A two-year program to promote participatory workplace environmental improvements at small enterprises with fewer than ten employees

Hitomi Kurogi, Jiro Moriguchi, Haruyuki Uchida, Fumiko Ohashi, Chiyo Igarashi, Yuko Odagiri, Akihito Shimazu, Akizumi Tsutsumi, Noriko Nishikido, Takashi Haratani, Etsuko Yoshikawa, Toru Yoshikawa, Norito Kawakami

Research output: Contribution to journalArticlepeer-review


OBJECTIVE: This study aimed to determine the influence of participatory workplace environmental improvement program on reducing job stress and workers' psychological distress at small enterprises (i.e., less than 10 employees). Furthermore, this study aimed to clarify important factors for success of this program as well. METHODS: The model program was tested in a small enterprise with eight employees between October 2014 and January 2017. Moreover, five employees participated in the annual work environment improvement workshops for two consecutive years. During both years, the New Brief Job Stress Questionnaire (80-item version) was used to measure work-related stress before (baseline) and after (post-three months and post-12 months) the workshops. To assess the extent of an intervention effect, the questionnaire data were analyzed using the Friedman test and the multiple comparison test annually. In addition, continuous data were analyzed during the two years. The statistical significance of the differences across time was determined at the p < .10 cutoff value because the number of participants was small. The effect size was also calculated. The participants were interviewed regularly. RESULTS: For both years, the employees implemented action plans within one month of completing the workshops. In the first year, the data for the Friedman test indicated a significant change in role conflict, job resources (workgroup-level), respect for individuals, fair personnel evaluations, work-self balance (positive), workplace social capital, and job satisfaction. In the multiple comparison test, significant changes manifested in role conflict and workplace social capital. In the second year, significant changes were found regarding role conflict and fair personnel evaluations for the Friedman test, demonstrating significant changes in role conflict in the multiple comparison test. As per the two-year survey results, the Friedman test indicated significant changes in role conflict, respect for individuals, and fair personnel evaluations, while the multiple comparison test demonstrated no significant changes. Over time, favorable changes were found regarding role conflict in the first year; however, undesirable changes were found regarding the other statistically significant items. The interviews revealed both positive and negative opinions. CONCLUSIONS: This study found the effects of the participatory workplace environment improvement program to be limited. Thus, the program should be improved to reduce its adverse effects as well as the participants' negative opinions.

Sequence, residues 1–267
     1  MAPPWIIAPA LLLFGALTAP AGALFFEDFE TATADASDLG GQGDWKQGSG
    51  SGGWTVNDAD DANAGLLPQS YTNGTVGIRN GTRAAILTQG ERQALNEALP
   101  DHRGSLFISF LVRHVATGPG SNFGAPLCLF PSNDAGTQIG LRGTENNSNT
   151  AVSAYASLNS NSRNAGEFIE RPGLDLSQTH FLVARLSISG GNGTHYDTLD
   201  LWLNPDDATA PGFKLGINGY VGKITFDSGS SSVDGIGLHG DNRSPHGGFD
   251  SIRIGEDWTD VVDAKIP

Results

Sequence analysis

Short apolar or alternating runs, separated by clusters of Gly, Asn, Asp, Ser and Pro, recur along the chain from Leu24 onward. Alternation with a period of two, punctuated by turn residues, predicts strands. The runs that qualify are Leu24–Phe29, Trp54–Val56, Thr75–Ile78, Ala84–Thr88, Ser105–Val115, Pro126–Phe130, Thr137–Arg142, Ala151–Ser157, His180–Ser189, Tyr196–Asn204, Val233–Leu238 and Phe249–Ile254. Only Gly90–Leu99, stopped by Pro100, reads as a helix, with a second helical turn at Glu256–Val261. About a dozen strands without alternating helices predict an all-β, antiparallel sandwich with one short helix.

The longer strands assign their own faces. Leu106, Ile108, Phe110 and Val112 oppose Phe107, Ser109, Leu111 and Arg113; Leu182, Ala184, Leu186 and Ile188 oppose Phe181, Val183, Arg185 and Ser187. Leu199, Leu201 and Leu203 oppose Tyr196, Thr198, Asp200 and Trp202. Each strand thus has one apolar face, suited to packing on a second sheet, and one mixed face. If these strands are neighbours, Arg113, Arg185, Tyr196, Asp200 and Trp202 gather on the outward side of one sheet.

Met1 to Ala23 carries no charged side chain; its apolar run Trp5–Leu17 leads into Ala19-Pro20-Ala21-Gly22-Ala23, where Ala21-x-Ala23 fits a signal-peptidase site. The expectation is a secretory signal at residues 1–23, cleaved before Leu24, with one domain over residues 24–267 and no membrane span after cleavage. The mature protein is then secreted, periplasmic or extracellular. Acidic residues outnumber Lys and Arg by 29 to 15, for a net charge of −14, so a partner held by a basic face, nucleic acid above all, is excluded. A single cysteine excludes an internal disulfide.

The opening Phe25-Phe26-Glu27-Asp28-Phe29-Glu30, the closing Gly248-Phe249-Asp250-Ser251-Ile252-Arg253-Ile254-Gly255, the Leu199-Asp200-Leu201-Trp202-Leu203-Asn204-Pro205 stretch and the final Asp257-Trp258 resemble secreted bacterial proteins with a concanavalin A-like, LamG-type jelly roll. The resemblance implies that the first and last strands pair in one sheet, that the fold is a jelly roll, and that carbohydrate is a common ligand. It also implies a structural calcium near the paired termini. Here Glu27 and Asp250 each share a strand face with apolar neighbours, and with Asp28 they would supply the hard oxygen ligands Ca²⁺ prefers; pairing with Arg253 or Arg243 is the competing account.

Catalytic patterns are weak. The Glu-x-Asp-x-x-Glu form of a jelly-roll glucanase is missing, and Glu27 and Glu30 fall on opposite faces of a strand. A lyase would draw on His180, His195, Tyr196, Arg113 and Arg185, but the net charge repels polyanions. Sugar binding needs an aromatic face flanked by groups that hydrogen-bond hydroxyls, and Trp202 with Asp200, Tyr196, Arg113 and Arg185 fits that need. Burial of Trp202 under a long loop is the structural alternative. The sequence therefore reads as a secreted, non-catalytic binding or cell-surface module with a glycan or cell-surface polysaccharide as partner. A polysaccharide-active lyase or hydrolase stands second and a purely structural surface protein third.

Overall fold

Original languageEnglish
Pages (from-to)249-260
Number of pages12
JournalSangyo eiseigaku zasshi = Journal of occupational health
Issue number6
Publication statusPublished - 2020 Nov 25

ASJC Scopus subject areas

  • Medicine(all)


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